Tag Archives: retweets

What Kind of Tweeter Are You?

whatkind

Oh, dear, dear Twitter, how I love thee.  Since I never have time for television anymore, movies are too expensive and regular social gatherings terrify me, Twitter has become a combination news/ entertainment/coffee shop packaged conveniently in the smartphone belted to my hip.  After having been on it for almost three years and with an eye to noticing patterns that I’ve been told by experts that I possess, I’ve managed to categorize the users of Twitter into twelve distinct types, eleven of which are itemized here for your reading pleasure.  Group Twelve is celebrities, i.e. those privileged to be blessed with the Blue Checkmark of Twod (Twitter God), and the rules are a bit different for them, even though you might find that some of them do indeed fit snugly into a few of these.  I should attempt to weasel my way out of potential controversy even further by saying that with some exceptions, none of these are absolutes.  On our best and worst days we tumble into each of them, yours truly included.  I offer the list instead as observation and a little bit of warning.  Shake it up.  Don’t ever be a type – be a human instead.

So have at it then – and let me know if there’s another category you’ve noticed that I’ve missed.

The Shill

Apparently you have a novel or product of some sort you’d like me to express some interest in?  Your following/follower count is about equal and in the high thousands, suggesting that you’re a pretty popular fellow.  But your interactions are minimal and your tweets are variations on a theme of asking the rest of us to click on/review/ purchase your wares, implying that you’ve accumulated your flock merely by following every single person who promises that they follow back.  You have sacrificed what little remains of your humanity on the Great Altar of Commerce and your tweets appear with the tedious inevitability of television commercials.  You have essentially turned yourself into Vince, the Slap Chop Guy.  How’s that working for you?  (I’m guessing it’s not leading to record sales figures.)

The Preacher

You have a keen, unique (self-applied description, of course) insight into what ails the world and you know exactly how to fix it, if only you could get more followers to listen and spread your gospel.  It irks the hell out of you that you’re not already president/emperor/ generalissimo of your chosen realm as the ones presently in charge are irredeemable dingbats who couldn’t gather the leadership necessary to wipe themselves without peer-reviewed studies by four different executive committees.  But rather than doing something about it in the real world, you’ll settle for being a sanctimonious cyber-complainer to a sparse flock of like-minded folks.  Note of caution, however:  decisions are made by those who “show up,” not “log in.”

The Stalker

Harry Styles is your homeboy, or at least, you’d like him to be, in the tweet you sent to him 58 times today.  Though your chances of marrying him are about as good as Dick Cheney’s for winning Man of the Year from Greenpeace, you press on with dogged determination, forever believing deep inside that the next tweet will be the one he favorites.  You should be proud in some respects, in that you’re the latest in a subspecies that emerged with those people who used to hang around outside Abbey Road waiting for the Beatles to show up.  But why not do something with your life instead of devoting the entirety of it to worshipping others who’ve done a hell of a lot more with theirs?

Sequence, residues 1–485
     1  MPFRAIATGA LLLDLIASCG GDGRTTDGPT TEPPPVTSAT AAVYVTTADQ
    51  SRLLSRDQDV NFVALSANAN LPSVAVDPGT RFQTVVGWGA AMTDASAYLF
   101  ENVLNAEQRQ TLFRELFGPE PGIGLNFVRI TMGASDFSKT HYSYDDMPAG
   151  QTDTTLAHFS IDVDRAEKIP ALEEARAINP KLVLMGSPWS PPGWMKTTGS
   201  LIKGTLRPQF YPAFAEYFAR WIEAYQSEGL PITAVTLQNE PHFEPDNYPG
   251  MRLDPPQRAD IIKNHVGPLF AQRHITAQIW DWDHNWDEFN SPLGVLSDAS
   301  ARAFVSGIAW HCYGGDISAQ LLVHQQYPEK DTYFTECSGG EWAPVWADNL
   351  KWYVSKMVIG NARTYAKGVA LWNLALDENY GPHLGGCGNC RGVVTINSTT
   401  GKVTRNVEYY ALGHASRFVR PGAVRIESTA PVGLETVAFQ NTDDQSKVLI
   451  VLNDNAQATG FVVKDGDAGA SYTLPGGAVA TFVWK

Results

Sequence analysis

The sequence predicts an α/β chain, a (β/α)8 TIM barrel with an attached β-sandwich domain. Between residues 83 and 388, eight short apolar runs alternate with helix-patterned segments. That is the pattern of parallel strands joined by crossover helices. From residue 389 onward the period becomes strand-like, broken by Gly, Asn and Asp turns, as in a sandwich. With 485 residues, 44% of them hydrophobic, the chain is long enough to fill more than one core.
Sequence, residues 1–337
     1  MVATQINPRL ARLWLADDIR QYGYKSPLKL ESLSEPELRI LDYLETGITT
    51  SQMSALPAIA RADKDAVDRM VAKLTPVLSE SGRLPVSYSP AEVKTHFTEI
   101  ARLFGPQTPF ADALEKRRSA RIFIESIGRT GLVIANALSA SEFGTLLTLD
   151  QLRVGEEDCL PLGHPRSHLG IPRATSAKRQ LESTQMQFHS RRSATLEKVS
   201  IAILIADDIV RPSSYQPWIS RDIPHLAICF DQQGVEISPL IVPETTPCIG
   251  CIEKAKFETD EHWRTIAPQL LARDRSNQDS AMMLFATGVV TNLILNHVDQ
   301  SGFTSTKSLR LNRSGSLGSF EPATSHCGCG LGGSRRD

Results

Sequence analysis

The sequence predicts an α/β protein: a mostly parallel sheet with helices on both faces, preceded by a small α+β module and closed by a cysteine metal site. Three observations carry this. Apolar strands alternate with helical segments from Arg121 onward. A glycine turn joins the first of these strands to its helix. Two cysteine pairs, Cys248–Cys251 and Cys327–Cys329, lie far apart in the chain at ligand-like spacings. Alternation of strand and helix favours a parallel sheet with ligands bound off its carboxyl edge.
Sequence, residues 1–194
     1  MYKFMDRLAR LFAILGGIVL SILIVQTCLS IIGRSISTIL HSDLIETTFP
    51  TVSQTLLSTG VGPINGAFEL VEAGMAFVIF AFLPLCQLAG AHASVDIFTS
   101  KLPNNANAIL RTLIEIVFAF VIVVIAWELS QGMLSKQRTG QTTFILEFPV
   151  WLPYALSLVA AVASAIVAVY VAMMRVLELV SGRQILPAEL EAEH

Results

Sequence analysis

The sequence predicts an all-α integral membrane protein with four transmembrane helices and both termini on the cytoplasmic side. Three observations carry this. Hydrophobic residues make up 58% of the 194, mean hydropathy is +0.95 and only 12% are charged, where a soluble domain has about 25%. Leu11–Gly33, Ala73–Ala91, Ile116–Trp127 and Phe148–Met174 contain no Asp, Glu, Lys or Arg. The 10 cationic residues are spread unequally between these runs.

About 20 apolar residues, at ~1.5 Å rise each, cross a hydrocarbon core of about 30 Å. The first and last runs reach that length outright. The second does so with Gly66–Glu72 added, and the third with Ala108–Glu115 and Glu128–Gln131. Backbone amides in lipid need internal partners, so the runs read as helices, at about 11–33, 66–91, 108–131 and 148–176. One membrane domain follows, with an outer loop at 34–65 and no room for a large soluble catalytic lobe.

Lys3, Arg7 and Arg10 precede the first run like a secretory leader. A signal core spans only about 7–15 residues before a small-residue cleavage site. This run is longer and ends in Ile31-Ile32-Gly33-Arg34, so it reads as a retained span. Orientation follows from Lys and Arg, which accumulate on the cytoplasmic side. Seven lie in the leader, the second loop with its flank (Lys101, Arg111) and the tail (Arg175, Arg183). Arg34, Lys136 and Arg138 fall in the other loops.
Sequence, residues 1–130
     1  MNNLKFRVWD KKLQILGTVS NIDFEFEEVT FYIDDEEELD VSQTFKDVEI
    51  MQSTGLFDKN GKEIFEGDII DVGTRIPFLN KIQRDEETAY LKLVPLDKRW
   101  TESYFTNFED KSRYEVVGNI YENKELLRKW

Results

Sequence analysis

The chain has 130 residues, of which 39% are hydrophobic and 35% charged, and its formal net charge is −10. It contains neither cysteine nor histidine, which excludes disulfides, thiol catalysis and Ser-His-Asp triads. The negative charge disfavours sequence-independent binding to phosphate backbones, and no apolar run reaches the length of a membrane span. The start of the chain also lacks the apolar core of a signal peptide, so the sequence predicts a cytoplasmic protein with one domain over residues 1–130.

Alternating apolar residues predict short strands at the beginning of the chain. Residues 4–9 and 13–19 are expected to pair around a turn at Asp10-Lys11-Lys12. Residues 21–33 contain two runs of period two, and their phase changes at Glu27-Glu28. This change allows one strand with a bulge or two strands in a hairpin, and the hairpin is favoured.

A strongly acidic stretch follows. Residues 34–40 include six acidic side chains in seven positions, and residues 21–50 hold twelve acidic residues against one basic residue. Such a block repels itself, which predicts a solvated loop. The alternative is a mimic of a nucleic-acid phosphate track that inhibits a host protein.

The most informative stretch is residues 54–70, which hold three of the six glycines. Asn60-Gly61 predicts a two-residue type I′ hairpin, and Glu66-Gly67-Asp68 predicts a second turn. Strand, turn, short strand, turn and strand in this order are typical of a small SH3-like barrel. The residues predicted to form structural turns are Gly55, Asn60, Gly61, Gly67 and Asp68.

The Oversharer

Guess what I had for breakfast?  None of your followers ever have to wonder since you provided eighteen different pictures of it, along with a detailed rundown on the quality of the service, the décor of the restaurant and your dining companion’s complaints about her BFF.  You are convinced that you are the most fascinating person to walk the planet and damn, you’re gonna strut your stuff whether or not anybody asks.  Your tweet count is up into the hundred K range already and you’ve only been on Twitter for a month.  Because nary a single moment of your mind-bendingly amazing life can slip by without you having to comment on it, leading to a veritable plethora of banality flooding a platform which was already drowning in it.

The Smartarse

Groucho’s got squat on you as you say the secret woid and weave your incisive Saharan wit through the foibles of a mediacentric universe rife with comic potential.  To you, Twitter is a personal standup comedy club, and headlines, celebrity musings, even the matter-of-fact comments of your friends can’t get past you without some kind of wisecrack.  Those you’re following dare not misspell a single word lest you jump in with a cheesy pun.  And your insecurity about wanting to be as off-the-cuff funny as Patton Oswalt is beginning to show as you wear out the screen beneath your notifications tab from rushing to check out how many times your zany zinger “Duck you, Autocorrect!” has been favorited and retweeted.

The Curator

You aspire to become a living embodiment of The Huffington Post as your feed is naught but link after link to article after article in your chosen area of expertise (usually social media, which everyone claims to be an expert in but nobody fully understands), offered for consumption without comment or original take.  I guess some people may find it helpful to have a single go-to for that latest BuzzFeed piece about the ten ways Miley Cyrus is annoying the world this week, but if you are choosing to act as endless advertising for other people’s material, shouldn’t you be getting paid for it?

The Misanthrope